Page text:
Dr. Daniel Valero and colleagues at the University of Miguel Hernndez dipped a group of common table grapes (Crimson Seedless) into Aloe vera gel and stored them for five weeks under low temperature while exposing a group of untreated table grapes to the same conditions. The colourless Aloe gel used in this study was developed through a special processing technique that maximized the amount of active compounds in the gel. The untreated grapes appeared to deteriorate rapidly within about seven days, whereas the gel-coated grapes were well-preserved for up to 35 days under the same experimental conditions. Gel-treated grapes were firmer, had less weight loss and colour change, measures which correspond to higher freshness, than the untreated grapes.

Researchers believe that Aloe gel works through a combination of mechanisms. Composed mostly of polysaccharides, it appears to act as a natural barrier to moisture and oxygen, which can speed up food deterioration. The gel also enhances food safety. According to various studies, Aloe vera gel appears to contain a variety of antibiotic and antifungal compounds that can potentially delay or inhibit micro-organisms responsible for foodborne illnesses in humans as well as food spoilage.


Moisture control technology enhances shelf-life

CSIRO, Australia, has designed Moisture Control Technology (MCT) to control free moisture found in stored or transported fresh food, thus enabling food to stay fresher for longer periods. MCT is potentially suited to a wide range of fresh fruits, vegetables and cut flowers. The active packaging senses a change in the internal package or the external environment and responds by altering its properties to accommodate the change. MCT manages the water vapour content of the atmosphere around the produce using a new type of liner, which can be placed inside any standard fibreboard or polystyrene box. MCT liners reduce moisture loss by maintaining high humidity inside the box. The liners have been designed to prevent any condensed moisture, which may have formed inside the bag as a result of temperature fluctuations during transport, from finding its way on to the produce.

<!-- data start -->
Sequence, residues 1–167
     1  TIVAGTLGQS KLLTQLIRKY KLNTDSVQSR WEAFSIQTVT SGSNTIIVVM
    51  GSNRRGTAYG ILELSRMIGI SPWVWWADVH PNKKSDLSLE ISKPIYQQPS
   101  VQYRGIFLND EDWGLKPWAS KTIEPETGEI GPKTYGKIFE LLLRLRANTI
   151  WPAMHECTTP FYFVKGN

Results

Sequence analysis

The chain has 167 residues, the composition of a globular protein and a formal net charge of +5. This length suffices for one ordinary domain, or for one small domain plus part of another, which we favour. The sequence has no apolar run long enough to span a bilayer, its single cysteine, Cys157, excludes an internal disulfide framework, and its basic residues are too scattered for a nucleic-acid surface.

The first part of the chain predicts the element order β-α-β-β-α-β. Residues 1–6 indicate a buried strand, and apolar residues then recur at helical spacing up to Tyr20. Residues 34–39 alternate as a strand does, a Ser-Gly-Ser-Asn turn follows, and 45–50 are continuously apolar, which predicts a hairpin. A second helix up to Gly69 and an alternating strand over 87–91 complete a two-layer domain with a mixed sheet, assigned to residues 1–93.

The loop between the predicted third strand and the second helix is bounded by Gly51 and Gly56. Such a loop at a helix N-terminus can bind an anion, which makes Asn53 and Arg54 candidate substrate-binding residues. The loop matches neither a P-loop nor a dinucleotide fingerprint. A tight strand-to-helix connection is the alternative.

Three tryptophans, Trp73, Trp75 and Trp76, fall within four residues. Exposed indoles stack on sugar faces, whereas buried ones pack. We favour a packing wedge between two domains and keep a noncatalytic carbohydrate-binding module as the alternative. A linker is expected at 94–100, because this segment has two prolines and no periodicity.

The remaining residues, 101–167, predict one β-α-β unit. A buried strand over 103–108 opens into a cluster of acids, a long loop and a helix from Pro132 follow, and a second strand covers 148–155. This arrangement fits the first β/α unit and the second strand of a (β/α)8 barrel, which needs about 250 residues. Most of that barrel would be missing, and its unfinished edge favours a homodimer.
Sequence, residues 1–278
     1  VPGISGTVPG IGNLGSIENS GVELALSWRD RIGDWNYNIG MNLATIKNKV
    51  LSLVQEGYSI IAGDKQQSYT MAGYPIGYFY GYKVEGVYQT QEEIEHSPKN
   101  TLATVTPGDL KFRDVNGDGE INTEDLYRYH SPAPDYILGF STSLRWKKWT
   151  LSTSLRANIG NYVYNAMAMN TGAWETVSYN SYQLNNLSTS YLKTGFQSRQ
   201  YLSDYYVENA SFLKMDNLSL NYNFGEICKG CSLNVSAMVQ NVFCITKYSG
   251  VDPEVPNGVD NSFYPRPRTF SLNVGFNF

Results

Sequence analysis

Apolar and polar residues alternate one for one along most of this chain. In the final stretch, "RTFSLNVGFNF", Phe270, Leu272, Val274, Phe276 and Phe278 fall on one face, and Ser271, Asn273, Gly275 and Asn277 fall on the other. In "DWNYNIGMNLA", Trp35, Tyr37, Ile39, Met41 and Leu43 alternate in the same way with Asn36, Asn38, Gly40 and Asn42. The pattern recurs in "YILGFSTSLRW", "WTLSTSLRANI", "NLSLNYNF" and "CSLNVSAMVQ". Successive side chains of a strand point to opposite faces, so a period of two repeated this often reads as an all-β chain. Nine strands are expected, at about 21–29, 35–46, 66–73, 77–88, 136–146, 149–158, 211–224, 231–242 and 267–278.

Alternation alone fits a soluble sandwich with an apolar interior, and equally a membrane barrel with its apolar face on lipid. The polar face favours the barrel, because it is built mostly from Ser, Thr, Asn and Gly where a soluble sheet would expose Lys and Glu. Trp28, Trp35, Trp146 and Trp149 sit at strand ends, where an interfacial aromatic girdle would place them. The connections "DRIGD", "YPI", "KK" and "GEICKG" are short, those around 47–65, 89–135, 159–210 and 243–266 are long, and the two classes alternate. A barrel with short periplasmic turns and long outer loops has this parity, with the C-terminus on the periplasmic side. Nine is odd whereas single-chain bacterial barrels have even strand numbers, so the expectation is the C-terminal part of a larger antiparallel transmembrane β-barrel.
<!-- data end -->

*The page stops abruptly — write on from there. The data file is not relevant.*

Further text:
CSIRO tested the MCT liner with both fruits and vegetables. In laboratory storage trials, a shelf-life of 28 days was achieved at 2C for cauliflowers and six days at 25C. In the case of oranges, the shelf-life was 56 days at 3C and 21 days at 21C. The technology can be incorporated into current export systems and has the potential to improve returns for exporters of fruits and vegetables. MCT is the outcome of a joint project supported by CSIRO, the Western Australian Department of Agriculture, Warren Cauliflower Group Inc., Murray Valley Citrus Board and CSIROs Food into Asia initiative.


New processing method extends shelf-life of vegetables

Viands Concerted, a food development company based in the United States, has developed a new method for processing cooked vegetables that preserves the products colour, flavour and natural sweetness while raising its shelf-life. The natural method does away with the need for additives or preservatives, a key selling point as consumers are increasingly opting for natural products. The patent-pending process, known as Lintonizing, can be used to produce higher quality vegetable and potato products.

Lintonized cooked vegetables have a refrigerated shelf-life of 45-60 days. Moreover, because of cellular changes, there is little or no acrylamide formation in deep-fried potato products. It is claimed that fully cooked broccoli smells fresh out of the bag even after 30 days of refrigeration.

Contact: Viands Concerted, P.O. Box 360417, Columbus, OH 43236-0417, United States of America. Tel: +1 (614) 9391 177; Fax: +1 (614) 9390 943




New cashew nut sheller